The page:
But several of these companies have Mr. Gadkari's personal staff as their directors. Ashwami Sales and Marketing, which invested Rs. 3.2 crore in Purti, has as its director Manohar Panse, Mr. Gadkari's driver. Sterlight Fincom, which invested about Rs. 4 crore in Purti, has as its director Vishnu Sharma, Mr. Gadkari's astrologer. Why would the cash-strapped president of a political party borrow money from his own (presumably even more cash-strapped) employees?
Moreover, Mr. Gadkari has advanced loans to at least one of these companies that he is borrowing from. The balance sheet of Regency Equifin, which bought about 40 lakh shares in Purti, shows an unsecured loan from Nitin Gadkari of Rs. 26 lakh in 2009, which is reduced to Rs. 16 lakh in 2010. So not only is Mr. Gadkari borrowing from companies run by his personal staff, he is also lending money to those companies.

In his defence of the BJP president, senior party leader Lal Krishna Advani has said the "allegations [against Gadkari] are about standards of business and not about misuse of power or corruption". But in the words of a chartered accountant, companies that exhibit such features — ghost directors and addresses, cross-holdings, cronies as directors — fit the pattern of shell companies used to convert black money into white. According to this CA, somewhere, six layers back, these companies would be making cash deposits into a bank account, most likely in a bank with weak regulatory framework. And while these market practices, however dubious, are not unusual for businessmen looking for quick cash-to-cheque conversions, Mr. Gadkari is no ordinary businessman. Congress leader Digvijay Singh was quick to allege that Mr. Gadkari is routing kickbacks via these shell companies.

Mr. Gadkari has vehemently denied this. But one of the early investors in Purti (and the only one whose identity is known) is Ideal Road Builders, a subsidiary of Maharashtra's biggest toll road company, IRB Infra Developers Ltd. During Mr. Gadkari's stint as PWD Minister between 1995 and 1999, Ideal Road Builders received six contracts worth Rs. 63 crore. Just a year after Mr. Gadkari demitted office and started his sugar factory, Ideal picked up shares worth Rs. 1.85 crore in Purti, later increasing their shareholding value to Rs. 2.8 crore. D.P. Mhaiskar, a director in IRB, also picked up Purti shares worth Rs. 4 crore on an undisclosed date. In 2010, Global Safety Vision, a company with Mr. Mhaiskar as director, loaned Purti Rs. 164 crore, which Purti used to wipe out its entire debt. Global's balance sheet shows a paid-up capital of only Rs. 1 lakh. Mr. Mhaiskar told The Times of India this week that he had raised the money by selling a chunk of his personal stake in IRB.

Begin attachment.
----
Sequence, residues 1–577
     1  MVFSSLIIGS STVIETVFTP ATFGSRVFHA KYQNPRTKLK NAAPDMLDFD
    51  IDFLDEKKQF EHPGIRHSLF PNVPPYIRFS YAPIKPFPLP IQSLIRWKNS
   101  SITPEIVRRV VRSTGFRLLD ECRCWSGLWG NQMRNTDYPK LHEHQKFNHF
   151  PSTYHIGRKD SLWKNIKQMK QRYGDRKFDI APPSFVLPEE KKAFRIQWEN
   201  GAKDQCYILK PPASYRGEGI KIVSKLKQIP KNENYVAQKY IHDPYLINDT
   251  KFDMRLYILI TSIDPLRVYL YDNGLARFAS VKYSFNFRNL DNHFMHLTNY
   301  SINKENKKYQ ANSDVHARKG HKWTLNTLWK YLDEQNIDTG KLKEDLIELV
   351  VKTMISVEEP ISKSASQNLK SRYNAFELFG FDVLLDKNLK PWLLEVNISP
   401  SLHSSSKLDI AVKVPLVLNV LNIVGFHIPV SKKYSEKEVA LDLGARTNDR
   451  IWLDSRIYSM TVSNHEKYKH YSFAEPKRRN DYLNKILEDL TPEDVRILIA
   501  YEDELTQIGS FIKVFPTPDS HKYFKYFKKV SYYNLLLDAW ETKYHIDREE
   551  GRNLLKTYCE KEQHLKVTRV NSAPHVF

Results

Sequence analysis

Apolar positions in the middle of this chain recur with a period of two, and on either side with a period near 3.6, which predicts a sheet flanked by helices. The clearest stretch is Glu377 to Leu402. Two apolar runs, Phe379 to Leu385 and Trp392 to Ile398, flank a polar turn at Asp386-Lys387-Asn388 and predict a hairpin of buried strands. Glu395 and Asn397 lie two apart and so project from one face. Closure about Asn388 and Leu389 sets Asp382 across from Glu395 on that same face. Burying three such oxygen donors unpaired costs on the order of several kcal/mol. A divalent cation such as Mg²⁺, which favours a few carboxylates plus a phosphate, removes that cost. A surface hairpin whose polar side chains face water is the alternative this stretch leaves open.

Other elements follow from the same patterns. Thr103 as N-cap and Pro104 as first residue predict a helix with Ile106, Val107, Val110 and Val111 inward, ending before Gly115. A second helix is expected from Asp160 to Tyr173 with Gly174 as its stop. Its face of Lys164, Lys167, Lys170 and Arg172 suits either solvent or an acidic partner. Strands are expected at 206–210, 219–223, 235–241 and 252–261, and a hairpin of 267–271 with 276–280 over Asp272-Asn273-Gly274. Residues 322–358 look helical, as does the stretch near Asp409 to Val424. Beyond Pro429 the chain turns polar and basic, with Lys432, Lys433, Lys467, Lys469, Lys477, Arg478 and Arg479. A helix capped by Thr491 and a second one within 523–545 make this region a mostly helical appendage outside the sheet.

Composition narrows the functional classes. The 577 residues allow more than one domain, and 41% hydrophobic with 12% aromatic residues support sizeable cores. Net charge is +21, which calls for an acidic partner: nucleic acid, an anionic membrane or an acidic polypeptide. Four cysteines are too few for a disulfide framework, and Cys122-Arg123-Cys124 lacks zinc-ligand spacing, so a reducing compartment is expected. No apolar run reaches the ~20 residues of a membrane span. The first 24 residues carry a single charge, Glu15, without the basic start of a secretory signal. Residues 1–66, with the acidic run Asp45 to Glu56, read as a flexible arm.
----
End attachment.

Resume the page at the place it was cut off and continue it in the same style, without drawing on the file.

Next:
QUESTION OF EQUITY

Mr. Gadkari seemed aghast at the suggestion that ex-PWD Minsters should not accept investments or loans from road contractors. He said the tendering process to Ideal Road Builders was above board, a claim contested by the NCP. Mr. Gadkari also said "taking equity is not a fraud. Equity is not a corruption, equity is a shareholding." True. But for a politician and an ex-Minister, it is important to explain the source of equity. Equity from a road contractor to whom he has awarded tenders carries a strong whiff of conflict of interest. Equity from sources whose identity he has not been able to explain carries more serious implications. Mr. Gadkari has offered himself and his companies up for an enquiry. The government has responded with far greater alacrity than it demonstrated in the case of Robert Vadra, ordering enquiries by tax authorities and the Registrar of Companies into Purti and its investors.
Regardless of the UPA's blatant double standards, the very fact that he is being probed will do no good to Mr. Gadkari's political career, poised as it is at a critical juncture. This is quite apart from the damage any potentially damaging findings would cause. Would he in hindsight agree, as some in his own party do, that business and politics do not make for a healthy mix?

(Sreenivasan Jain is Managing Editor, NDTV. He anchors the ground reportage show, Truth vs Hype on NDTV 24x7. E-mail: vasu@ndtv.com)